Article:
Tuesday, 29 June 2004

Northvegr - Grimm's TM - Chap. 34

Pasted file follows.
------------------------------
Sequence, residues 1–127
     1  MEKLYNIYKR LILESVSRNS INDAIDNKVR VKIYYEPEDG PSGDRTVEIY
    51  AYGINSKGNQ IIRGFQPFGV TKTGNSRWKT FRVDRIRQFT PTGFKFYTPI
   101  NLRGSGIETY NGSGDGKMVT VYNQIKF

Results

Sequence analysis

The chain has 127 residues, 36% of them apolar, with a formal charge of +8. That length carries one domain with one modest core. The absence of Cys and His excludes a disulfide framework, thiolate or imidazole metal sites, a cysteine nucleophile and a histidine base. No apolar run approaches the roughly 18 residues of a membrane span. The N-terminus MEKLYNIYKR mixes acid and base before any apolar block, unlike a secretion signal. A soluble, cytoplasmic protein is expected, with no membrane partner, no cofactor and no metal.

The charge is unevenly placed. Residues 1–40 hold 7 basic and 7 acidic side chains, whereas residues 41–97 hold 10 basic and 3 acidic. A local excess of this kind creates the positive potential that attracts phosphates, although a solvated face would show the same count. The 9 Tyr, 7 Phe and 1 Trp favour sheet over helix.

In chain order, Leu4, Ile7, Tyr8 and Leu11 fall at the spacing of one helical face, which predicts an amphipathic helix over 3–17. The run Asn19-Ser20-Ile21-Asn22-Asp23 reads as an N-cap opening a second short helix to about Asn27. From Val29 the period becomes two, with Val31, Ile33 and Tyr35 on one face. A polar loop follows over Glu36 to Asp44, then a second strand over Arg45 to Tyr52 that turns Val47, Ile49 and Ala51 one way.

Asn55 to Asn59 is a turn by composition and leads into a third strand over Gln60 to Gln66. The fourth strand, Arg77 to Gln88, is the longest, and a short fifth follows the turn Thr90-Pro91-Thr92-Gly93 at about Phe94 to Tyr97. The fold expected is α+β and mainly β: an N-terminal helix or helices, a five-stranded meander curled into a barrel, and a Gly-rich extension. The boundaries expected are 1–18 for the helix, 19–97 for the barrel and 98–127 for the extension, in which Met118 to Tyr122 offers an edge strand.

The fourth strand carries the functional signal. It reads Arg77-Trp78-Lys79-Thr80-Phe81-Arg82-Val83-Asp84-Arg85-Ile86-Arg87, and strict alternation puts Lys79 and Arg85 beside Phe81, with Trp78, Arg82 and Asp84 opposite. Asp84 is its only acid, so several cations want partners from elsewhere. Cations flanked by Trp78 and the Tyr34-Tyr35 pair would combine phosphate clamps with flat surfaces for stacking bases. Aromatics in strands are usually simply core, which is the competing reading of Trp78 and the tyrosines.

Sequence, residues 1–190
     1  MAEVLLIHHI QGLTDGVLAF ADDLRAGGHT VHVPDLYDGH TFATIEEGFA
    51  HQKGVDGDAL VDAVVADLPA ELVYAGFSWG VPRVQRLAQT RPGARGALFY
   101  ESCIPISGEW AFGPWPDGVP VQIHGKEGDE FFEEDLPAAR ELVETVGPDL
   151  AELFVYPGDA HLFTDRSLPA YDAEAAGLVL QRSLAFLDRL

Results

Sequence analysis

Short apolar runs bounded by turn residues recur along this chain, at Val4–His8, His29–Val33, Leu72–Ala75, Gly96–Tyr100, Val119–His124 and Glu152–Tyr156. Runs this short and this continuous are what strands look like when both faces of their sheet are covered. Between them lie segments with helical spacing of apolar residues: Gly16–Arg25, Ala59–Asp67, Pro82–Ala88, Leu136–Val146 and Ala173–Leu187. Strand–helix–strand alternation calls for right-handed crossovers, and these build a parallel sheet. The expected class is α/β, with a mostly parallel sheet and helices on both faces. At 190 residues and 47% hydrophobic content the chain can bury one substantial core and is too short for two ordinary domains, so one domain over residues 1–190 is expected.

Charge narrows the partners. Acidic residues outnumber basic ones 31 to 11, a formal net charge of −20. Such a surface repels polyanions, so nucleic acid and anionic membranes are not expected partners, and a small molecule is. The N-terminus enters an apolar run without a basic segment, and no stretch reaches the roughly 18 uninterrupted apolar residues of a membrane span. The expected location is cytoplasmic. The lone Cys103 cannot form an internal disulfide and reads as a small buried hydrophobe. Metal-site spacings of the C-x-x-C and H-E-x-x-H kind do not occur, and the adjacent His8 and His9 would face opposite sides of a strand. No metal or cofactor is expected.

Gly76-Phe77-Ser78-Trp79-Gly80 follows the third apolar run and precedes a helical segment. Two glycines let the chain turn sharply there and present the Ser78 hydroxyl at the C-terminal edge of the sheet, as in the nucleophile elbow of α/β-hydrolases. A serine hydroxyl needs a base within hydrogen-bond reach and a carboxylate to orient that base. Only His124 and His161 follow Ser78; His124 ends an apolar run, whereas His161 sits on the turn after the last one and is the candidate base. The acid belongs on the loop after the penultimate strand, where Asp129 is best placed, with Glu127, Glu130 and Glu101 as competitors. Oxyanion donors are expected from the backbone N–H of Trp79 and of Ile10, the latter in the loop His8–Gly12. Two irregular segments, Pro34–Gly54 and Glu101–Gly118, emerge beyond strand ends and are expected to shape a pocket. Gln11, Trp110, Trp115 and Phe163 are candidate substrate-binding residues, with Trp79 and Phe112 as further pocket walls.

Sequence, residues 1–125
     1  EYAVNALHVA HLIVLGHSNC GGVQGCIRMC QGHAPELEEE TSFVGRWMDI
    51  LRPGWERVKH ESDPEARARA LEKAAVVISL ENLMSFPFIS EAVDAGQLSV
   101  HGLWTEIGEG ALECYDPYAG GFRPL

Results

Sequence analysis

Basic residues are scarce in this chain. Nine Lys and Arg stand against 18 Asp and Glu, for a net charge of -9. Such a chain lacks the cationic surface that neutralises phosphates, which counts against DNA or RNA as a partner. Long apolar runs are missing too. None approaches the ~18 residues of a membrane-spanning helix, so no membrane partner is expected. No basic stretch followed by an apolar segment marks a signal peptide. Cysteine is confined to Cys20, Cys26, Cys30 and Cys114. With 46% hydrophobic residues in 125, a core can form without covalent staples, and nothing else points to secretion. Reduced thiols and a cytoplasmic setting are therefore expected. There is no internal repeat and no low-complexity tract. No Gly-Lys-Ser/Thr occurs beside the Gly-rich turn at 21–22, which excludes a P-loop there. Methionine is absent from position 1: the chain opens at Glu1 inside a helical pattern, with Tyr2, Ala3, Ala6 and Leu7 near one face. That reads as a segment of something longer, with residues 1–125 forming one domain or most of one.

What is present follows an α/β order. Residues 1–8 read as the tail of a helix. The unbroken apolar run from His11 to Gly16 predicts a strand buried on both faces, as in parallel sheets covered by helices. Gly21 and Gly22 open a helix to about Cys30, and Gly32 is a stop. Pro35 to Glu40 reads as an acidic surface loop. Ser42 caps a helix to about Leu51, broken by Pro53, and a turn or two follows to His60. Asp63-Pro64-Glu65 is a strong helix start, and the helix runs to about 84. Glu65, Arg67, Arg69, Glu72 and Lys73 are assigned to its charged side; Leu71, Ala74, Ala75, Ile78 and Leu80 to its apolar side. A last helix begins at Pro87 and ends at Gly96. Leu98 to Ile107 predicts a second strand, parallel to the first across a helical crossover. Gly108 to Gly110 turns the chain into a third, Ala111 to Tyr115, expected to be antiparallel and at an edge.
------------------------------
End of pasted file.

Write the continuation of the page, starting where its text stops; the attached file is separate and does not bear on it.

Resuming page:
Before proceeding with out inquiry, we have to examine the several terms that designated witchcraft in olden times. It seems worth noting, that several of the more general names have simply the sense of doing or preparing, and therefore mark an imperceptible lapse of right doing into wrong. The OHG. karawan, AS. gearwian, had only the meaning of facere, parare, praeparare, ornare, but the same word in ON. göra approximates to that of conjuring, Dan. forgiöre; görnîng is maleficium, görnîngar artes magicae, much in the same was as facinus is both deed and misdeed. Our thun, to do, passes into anthun, to inflic (by sorcery); and the ON. fordœða (malefica), Sæm. 64a. 197b comes from dâð (facinus) (3) Now the Greek and Latin words epdein, rezein, facere (p. 41n.), mean not only to do, but to sacrifice, without requiring the addition of iera or sacra, and erdein tini ti is to bewitch; the ON. blôta, beside its usual sense of sacrificare, consecrare, has that of maledicere; whether fornœskja, sorcery, can be connected with fôrn, sacrifice, has been discussed, p. 41. ---A difficult word to explain is the OHG. zoupar divinatio, maleficium, zouparari hariolus, zouparôn hariolari; Notker spells zoufer in Ps. 57, 6, zouver in Boeth. 29, zouferlih, zouverlih in Cap. 45. 99; the MHG. zouber, zoubern answers exactly to the strict OHG. forms with p. to LG. tover, toveren, and the same in Nethl. both Mid. and Mod. (conf. toverîe, Maerl. 1, 260-3, toverare 1, 266. 2, 176-7, toeverîe is a faulty spelling); O. Fris. tawerie, Richth. 401. 21. The Icelandic has töfur instrumenta magica, töfrar incantamenta, töfra fascinare, töfrari magus, töfranorn saga, Fornald. sög. 3, 205; with which the Norw. tougre fascinare (Hallager 131b) and Swed. tofver incantatio, tofverhäxa saga, agree; we may safely suppose a modern importation of all these Scand. words from Germany, as they do not occur in ON. writings. (4) I am in doubt whether an AS teáfor is to be connected with zoupar; it signifies minium, color coccineus, and Lye gives (without ref.) tifran depingere, which ought perhaps to by týfrian. The addition of the adj. red in reád teáfor (rubrica) favours the conjecture that teáfor was a general term for the colours employed in illuminating manuscripts, and thus may stand for rune, mystic writing, hence our zauber (magic). (5) To identify zoupar with zëpar (p. 40), AS. teáfor with tiber, is forbidden by the difference of vowel, though it would bring the notion of magic very near that of sacrifice again. One would much rather trace zoupar to zouwan, Goth. táujan, AS. tawian (facere, parare), and assume the operation of some anomalous change of the w into v, b, p. (6) Even the Lith. daryti, Lett. darriht (facere), and the Slav. tvoríti (facere, creare, fingere) are worth considering. ---Another term no less perplexing is one peculiar to the Saxon branch of our race. In L. Saxony they still say for conjuring or soothsaying, wikhen, wicken (Ssp. 2, 13. Homeyer p. 117 var. x) and wigelen (wichelen), for fortune-teller wikker, wichler, for witch wikkerske, for sorcery wichelie. So in Nethl. both wikken and wichelen, wikkerij and wichelarij; M. Nethl. wikelare ariolus, Maerl. 2, 323. 348, wigelare, Kästner's Bruchst. 42b, wigelinge vaticinium 12b. The AS. also has the two forms: both wiccian fascinare, wicce saga, wiccungdôm (Cædm. 223, 17) or wiccancrœft ars magica; and wiglian ariolari, wigelere augur, wigelung augurium, incantatio; while the Fris. transposes the letters, wiliga incantatio, Richth. 401, 21. The Engl. has witch = wicce; from the AS. verb has survived its partic. wicked (perversus, maledictus), and O. Engl. had an adj. wikke meaning the same; add wizard, but all the L-forms have disappeared. The word is unknown to any HG. dialect, old or new; (7) yet I believe it springs from a root common to all Teutonic tongues, viz. veihan (no. 201), which again had originally the sense of facere, conficere, sacrare, and from which came the adj. veihs (sacer), OHG. wîh, and the noun vaíhts (res), conf. Slav. tvar, tvor (creatura, ktisij). We know that vaíhts, wight, acquired the sense of dæmon (p. 440-1), and the ON. vœttr (örm vættr, poor wight) means a witch in Sæm. 214b. I treat the kk in wikken as I did that in Ecke from the root agan (p. 237), and this is supported by the g in wigelen and ch in wichelen (evidently a ch = h). ---Near in meaning, though unrelated in origin, seems the OHG. wîzago, AS. wîtega, wîtga, Cædm. 218, 18. 224, 13, our weissage, prophet, soothsayer, but in a good, not in a bad sense; the ON. form vitki, Sæm. 63a. 118a, stands for vitugi (conf. vitug 94a), as ecki, eitki does for eitgi (Gramm. 3, 738), and vætki for vætgi. This vitki has been wrongly identified with AS. wicce: never does an AS. cc result from tg, though it becomes tch in English. (8) The corresponding verb is OHG. wîzagôn, AS. wîtegian, M. Nethl. witegen, Diut. 2, 202b. ---Equivalent at first to wîtega and vitki were the ON. spâmaðr, spâkona, spâdîs (pp. 94. 402): but from signifying the gift of wisdom and prediction as it resides in priest and poet, (9) they gradually declined into the sense of noxious wizard and witch. Even Snorri's for-spâr and fiöl-kunnigr (p. 1031n.) had already acquired the bad secondary sense. Fiölkunnigr (multiscius) came to mean magician, and fiöl-kunnâtta fiölkýngi, and even the simple kýngi (= kunnugi) sorcery. This kýngi was learnt as a profession: 'Rögnvaldr nam fiölkýngi,' Har. Hârf. saga cap. 36. Walther 116, 29 says of a lady wondrous fair: 'daz si iht anders künne (that she was up to other tricks, knew too much), daz soll man übergeben (you are not to imagine).' Hans Sachs calls an old sorceress by turns 'die alt unhuld' and 'die weise frau' iv. 3, 32-3 (see Suppl.).

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